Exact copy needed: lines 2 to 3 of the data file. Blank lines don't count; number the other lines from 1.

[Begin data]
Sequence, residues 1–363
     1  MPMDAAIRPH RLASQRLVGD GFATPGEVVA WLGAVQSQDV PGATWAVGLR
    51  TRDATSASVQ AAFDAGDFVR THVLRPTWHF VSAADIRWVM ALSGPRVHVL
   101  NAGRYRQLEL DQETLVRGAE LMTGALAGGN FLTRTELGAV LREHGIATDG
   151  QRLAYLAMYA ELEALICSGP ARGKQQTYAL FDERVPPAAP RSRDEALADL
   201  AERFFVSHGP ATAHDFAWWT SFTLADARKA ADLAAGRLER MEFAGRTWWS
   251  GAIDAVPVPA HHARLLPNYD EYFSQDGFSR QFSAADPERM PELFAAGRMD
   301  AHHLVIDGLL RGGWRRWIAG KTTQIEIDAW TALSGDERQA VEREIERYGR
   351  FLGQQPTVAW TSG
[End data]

     1  MPMDAAIRPH RLASQRLVGD GFATPGEVVA WLGAVQSQDV PGATWAVGLR
    51  TRDATSASVQ AAFDAGDFVR THVLRPTWHF VSAADIRWVM ALSGPRVHVL